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Michigan Tax Assessment

There are actually two kinds of tax problems.  The first kind is an assessment problem.  This occurs when the government and the taxpayer disagree on how much tax is owed.  These problems may include:

  • Dispute over amount of income;
  • Dispute over qualifying for a specific credit, deduction, or exemption; or
  • Dispute over whether the taxpayer owes a penalty.

Once the dispute is resolved, if there is additional tax, penalty, or interest owed that the taxpayer cannot pay, then they have a collection problem.  

This page explores how to resolve an assessment problem with the Michigan Department of Treasury.  If you believe you have a collections problem, see our page on Michigan Tax Collections for additional help.

The Tax Assessment Process

The tax assessment process starts with a taxpayer filing a tax return.  If the taxpayer does not file a tax return, the state of Michigan can still assess you a tax.  The tax return constitutes a "self assessment" of tax.  If the state of Michigan accepts your tax return as filed, then this becomes the state of Michigan's tax assessment.  A taxpayer has four years from the date the original tax return was due to file a tax return or file an amended tax return.

If the state of Michigan questions or adjusts your tax return, you now have an assessment issue.  They may first send you a letter (usually from the Discovery Unit) requesting more information to support your tax return.  This are often used if the taxpayer has claimed a particular Michigan credit or exemption.  If you respond to the letter, they will consider the new information to determine if you qualify for the specific credit/exemption you are claiming.  At some point, they will send you a notice that they either agree with your claim (which often just involves sending you a refund or canceling a previous tax bill), or they will issue a Bill for Taxes Due (Intent to Assess).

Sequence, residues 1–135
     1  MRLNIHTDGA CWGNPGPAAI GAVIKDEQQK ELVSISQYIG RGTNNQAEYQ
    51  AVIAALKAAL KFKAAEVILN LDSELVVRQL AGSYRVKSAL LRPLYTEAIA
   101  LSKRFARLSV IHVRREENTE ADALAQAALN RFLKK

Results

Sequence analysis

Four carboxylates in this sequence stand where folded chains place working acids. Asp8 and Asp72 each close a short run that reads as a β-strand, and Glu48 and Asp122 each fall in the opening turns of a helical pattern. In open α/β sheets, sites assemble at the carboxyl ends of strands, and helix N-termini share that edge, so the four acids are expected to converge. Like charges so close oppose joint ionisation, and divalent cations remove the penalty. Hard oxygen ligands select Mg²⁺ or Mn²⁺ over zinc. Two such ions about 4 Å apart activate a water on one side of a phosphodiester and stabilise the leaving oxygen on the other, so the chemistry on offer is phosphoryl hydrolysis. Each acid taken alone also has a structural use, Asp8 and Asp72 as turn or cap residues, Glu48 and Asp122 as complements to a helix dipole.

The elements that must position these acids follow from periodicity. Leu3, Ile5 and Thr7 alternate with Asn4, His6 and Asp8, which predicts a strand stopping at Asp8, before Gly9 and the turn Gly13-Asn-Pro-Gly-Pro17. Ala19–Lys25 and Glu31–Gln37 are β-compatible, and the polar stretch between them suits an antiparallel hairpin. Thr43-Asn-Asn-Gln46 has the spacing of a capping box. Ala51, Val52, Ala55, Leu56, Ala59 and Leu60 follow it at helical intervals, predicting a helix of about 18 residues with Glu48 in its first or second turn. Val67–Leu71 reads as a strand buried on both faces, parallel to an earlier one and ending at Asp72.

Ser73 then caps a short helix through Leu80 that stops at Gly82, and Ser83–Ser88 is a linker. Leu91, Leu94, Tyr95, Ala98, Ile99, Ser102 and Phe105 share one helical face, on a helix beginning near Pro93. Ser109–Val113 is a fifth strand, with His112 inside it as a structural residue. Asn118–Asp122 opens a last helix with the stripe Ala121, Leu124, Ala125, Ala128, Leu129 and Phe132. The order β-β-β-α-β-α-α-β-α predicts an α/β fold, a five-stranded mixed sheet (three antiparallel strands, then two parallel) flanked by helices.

The Bill for Taxes Due (Intent to Assess), gives you 60 days to request an informal conference with the Michigan Department of Treasury.  If timely request the hearing and it is granted, you should be able to have a phone conference with a Treasury employee within about six months.  They will then issue a decision on whether you prevail.  If you do not prevail, or if the decision results in additional tax/interest/penalty due, then they will issue a Bill for Taxes Due (Final Assessment).  

The Bill for Taxes Due (Final Assessment), gives you 60 days to appeal to the Michigan Tax Tribunal or 90 days to appeal to the Michigan Court of Claims.  Either way, you must first pay the undisputed amount of tax before you can appeal the disputed amount.  If you do not appeal by the deadline, then the assessment becomes final and there is no recourse to further question the taxes.  At this point, you now have a Michigan collections issue.

Michigan Resources

If you are a taxpayer in Michigan, the following may assist you in Michigan tax assessment and collection issues.  

Specific Credits & Exemptions

Disabled Veteran Exemption

Home Heating Credit

Homestead Property Tax Exemption

Poverty Exemption

Principle Residence Exemption

General Reference

Michigan Departments

Michigan Courts & Administrative Hearings (Including Treasury Informal Conference)

Full Text Michigan Law


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